Five studies performed in Netherlands compared the MTS to an expert developed reference standard to assess the ability of the MTS to detect high urgency cases (levels 1 and 2) (table 3). The original MTS presented a moderate sensitivity of 63% and high overtriage rates (40%–54%).16 37 A modified version of the MTS increased the specificity from 78%–79% to 87%, but not the sensitivity (64%), resulting in the reduction of overtriage (47%) without a parallel increase in undertriage (15%).39 The other two studies assessed subgroups of patients and showed an undertriage rate of 2% in patients levels 1 and 238 and poorer sensitivity (58% vs 74%) and higher undertriage rate (17% vs 11%) in patients with symptoms of infection and chronic disease compared with those without chronic disease.42
Twenty-one studies assessed the association of levels of urgency with one or more proxy outcomes of urgency (tables 4 and 5). Seven of these studies assessed one outcome, such as hospitalisation or severe bacterial infection (one study) and reported sensitivity, specificity, over/undertriage rates or other estimates to predict the outcome (table 4). These results could not be compared with the results of the MTS studies in table 3, because the definitions they are based on were completely different.
Fifteen of those 21 studies assessed the frequency of at least two of the following three outcomes (hospitalisation rates, resource utilisation and LOS) across the five-triage levels (table 5). In the first nine validity studies in table 5, triage systems were assessed in the countries where they were developed; in the last six validity studies, triage systems were assessed outside their own countries. Level 1 (immediate urgency) represented less than 1% of the visits, while levels 3 (urgent) and 4 (low urgency) together contributed around 70%–90%, in most of the studies which used proportionate sampling. The distribution of urgency levels was more similar in the Canadian and US studies compared with studies in other countries. In most of these studies, the frequency of hospitalisation decreased from the higher to the lower level of urgency. The decreasing gradient was more evident in studies performed in the countries where the triage systems were developed, such as Canada (PedCTAS) and US (ESI-4). The combined frequency of hospital admission in levels 4 and 5 with the PedCTAS varied from 2.6% to 4% in Canadian studies and from 1.5% to 25% in other countries. In the ESI v.4 studies, it varied from 1.8% to 6% in US studies and was 3.3% in the only study performed in Iran. The two MTS studies showed a combined hospital admission rate in levels 4 and 5 of 0.9% in Netherlands and 5% in Spain.
Despite different definitions and cut-off points used for the outcome ‘resource utilisation’ (diagnostic and therapeutic resources or only laboratory or radiological tests or hospital costs), most studies showed decreasing frequency from the highest to the lowest level of urgency. Again, this gradient was clearer in the Canadian and US studies (table 5).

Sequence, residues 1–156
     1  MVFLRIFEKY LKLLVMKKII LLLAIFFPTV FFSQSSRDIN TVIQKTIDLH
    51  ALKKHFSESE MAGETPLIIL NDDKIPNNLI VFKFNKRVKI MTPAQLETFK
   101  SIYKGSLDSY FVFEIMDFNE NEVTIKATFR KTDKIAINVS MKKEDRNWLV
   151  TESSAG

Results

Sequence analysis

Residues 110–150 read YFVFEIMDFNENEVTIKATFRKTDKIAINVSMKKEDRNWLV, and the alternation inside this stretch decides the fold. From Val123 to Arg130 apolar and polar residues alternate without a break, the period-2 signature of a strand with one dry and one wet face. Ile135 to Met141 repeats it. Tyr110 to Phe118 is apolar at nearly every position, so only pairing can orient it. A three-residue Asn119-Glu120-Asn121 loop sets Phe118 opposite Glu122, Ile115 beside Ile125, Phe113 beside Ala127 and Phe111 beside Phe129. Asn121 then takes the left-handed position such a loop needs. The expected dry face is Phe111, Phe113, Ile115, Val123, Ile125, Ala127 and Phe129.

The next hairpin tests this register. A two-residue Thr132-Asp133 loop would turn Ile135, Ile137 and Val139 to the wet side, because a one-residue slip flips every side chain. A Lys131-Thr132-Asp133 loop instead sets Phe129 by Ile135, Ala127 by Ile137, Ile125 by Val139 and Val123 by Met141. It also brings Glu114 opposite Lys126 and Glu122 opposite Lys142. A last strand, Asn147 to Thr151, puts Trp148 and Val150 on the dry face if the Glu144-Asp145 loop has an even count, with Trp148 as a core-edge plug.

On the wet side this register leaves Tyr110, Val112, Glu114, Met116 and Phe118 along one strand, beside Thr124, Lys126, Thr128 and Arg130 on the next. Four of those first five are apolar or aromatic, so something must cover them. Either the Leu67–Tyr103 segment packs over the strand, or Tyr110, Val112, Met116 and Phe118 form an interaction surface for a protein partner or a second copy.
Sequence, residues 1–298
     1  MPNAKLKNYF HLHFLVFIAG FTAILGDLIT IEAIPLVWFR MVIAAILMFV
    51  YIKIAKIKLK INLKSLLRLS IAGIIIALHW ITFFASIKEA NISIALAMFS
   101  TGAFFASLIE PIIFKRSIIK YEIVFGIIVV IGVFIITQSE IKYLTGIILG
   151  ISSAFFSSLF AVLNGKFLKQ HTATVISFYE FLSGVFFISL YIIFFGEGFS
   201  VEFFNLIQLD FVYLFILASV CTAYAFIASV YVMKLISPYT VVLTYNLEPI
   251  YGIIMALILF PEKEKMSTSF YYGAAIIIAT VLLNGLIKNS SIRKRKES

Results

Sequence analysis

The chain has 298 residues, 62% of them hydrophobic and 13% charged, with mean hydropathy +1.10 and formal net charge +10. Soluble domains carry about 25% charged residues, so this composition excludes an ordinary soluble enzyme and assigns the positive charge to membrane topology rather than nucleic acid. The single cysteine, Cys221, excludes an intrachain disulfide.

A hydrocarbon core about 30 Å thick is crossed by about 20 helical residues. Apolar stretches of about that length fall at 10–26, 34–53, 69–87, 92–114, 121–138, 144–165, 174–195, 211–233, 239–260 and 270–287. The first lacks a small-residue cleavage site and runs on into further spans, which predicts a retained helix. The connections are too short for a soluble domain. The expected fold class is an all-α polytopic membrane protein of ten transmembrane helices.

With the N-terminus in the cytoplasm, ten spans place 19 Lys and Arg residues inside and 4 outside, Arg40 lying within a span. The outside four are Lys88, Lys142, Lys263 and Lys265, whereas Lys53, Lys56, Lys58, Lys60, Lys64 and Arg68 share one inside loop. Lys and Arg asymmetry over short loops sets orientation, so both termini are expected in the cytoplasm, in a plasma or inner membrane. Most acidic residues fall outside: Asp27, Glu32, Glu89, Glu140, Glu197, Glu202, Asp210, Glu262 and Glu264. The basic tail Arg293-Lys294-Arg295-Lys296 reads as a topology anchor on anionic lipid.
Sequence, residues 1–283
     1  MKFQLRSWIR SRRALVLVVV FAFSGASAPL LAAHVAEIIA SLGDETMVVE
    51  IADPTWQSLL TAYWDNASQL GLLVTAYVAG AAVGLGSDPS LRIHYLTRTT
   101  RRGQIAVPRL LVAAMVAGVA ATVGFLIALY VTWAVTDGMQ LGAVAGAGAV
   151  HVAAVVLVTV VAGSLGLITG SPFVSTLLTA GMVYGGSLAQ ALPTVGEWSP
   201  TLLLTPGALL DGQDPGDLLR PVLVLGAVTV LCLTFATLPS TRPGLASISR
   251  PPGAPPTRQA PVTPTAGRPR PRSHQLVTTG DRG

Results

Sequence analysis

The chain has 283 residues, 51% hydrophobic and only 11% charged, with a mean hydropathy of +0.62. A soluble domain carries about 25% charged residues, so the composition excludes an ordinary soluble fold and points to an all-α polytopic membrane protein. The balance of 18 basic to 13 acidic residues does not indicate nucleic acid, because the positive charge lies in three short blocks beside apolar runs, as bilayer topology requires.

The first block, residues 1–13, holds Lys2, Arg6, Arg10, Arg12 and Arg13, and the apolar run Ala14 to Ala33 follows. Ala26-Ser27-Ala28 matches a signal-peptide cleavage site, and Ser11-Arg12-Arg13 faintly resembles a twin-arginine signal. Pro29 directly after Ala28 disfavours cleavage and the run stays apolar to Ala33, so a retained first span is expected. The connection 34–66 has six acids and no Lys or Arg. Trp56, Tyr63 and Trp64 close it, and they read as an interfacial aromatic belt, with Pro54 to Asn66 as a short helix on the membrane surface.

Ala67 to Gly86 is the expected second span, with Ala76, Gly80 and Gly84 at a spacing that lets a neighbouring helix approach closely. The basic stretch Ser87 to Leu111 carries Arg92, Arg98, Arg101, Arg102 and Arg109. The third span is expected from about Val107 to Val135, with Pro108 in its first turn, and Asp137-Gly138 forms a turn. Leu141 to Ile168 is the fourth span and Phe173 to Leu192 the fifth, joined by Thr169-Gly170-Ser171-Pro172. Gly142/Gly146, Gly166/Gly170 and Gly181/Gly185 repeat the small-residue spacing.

The outcome LOS did not show a consistently decreasing gradient across the five levels of urgency. The LOS for level 1 was shorter than for level 2 in two PedCTAS studies in Canada and two ESI v.4 studies in USA, one of which also had a shorter LOS for level 2 than for level 3 (table 5).
The present review found 25 validity studies on five original and two adapted triage systems in paediatric emergency care. Five studies (all MTS) used an expert-developed reference standard, while 21 studies involving all triage systems (MTS, PedCTAS, TTAS, ESI v.4, SATS, PATS and SRTS) used proxy outcomes of urgency. The MTS, the PedCTAS and the ESI v.4 were the triage systems with the largest number of moderate or high quality studies. There were no studies on the validity of the ATS in the paediatric population and very few and low quality studies of the SATS and the STRS.
The use of a reference standard seems to be advantageous, because as it establishes objective criteria to define each level of urgency, it ensures a more robust assessment of the ‘true’ urgency of patients and more consistent comparison between studies. However, there is no scientific evidence of the validity of this reference standard.14 Besides, the criteria used to define the levels of urgency include clinical outcomes similar to the proxy outcomes of urgency used in the other type of study. The difference is that, with a reference standard, some levels of urgency are defined by many possibilities of combinations of these outcomes. These outcomes are satisfactory markers of complexity and severity, but they do not always account for all sets of urgency. Moreover, they can be influenced by variables related to the quality and efficacy of the treatment given.14 15 Twomey et al suggested a Delphi process to achieve consensus among experts to serve as a reference standard in validity studies. This could eliminate the limitations associated with proxies of urgency and the biases inherent to individual groups of specialists.14